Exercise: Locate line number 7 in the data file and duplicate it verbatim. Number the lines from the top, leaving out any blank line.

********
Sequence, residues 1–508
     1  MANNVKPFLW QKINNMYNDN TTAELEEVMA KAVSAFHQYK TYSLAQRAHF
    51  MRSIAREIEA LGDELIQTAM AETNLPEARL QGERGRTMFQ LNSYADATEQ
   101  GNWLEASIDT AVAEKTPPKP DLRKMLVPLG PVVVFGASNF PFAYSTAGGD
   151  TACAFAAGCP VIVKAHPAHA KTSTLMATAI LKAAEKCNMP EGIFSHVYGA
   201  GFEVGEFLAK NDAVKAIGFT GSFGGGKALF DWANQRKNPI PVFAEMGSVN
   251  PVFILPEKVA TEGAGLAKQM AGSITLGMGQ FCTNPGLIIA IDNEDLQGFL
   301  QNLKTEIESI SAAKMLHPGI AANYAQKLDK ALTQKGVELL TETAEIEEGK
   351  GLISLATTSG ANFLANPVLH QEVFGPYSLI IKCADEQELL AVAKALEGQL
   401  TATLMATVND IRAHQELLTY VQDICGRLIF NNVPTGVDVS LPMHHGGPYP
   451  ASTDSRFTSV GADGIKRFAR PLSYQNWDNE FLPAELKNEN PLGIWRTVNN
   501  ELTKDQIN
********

   251  PVFILPEKVA TEGAGLAKQM AGSITLGMGQ FCTNPGLIIA IDNEDLQGFL